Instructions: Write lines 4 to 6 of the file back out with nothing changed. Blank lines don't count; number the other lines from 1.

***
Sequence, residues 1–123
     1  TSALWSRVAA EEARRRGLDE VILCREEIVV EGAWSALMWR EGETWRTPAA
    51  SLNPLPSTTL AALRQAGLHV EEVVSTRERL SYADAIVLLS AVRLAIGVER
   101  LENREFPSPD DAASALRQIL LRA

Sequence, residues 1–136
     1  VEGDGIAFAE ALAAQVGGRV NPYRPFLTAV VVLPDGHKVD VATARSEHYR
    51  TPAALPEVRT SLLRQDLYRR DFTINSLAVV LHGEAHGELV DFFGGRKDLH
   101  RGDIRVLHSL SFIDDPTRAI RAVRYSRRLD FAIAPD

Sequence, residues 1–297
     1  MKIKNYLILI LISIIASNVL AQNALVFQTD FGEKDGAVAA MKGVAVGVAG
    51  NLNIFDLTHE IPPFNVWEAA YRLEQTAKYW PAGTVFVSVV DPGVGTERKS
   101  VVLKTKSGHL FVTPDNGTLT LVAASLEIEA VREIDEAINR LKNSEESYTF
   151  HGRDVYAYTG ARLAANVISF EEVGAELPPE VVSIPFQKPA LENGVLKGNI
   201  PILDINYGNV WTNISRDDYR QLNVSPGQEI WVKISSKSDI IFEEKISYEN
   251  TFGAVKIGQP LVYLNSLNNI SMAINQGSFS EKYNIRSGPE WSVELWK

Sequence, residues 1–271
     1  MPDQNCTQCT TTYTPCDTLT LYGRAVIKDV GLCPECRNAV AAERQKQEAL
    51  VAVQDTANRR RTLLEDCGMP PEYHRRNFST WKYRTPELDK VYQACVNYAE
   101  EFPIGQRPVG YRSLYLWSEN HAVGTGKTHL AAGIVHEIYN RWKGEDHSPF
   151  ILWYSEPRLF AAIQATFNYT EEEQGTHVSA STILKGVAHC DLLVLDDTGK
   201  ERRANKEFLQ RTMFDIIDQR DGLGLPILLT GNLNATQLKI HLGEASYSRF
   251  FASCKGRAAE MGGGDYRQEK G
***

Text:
   101  LENREFPSPD DAASALRQIL LRA

Sequence, residues 1–136
     1  VEGDGIAFAE ALAAQVGGRV NPYRPFLTAV VVLPDGHKVD VATARSEHYR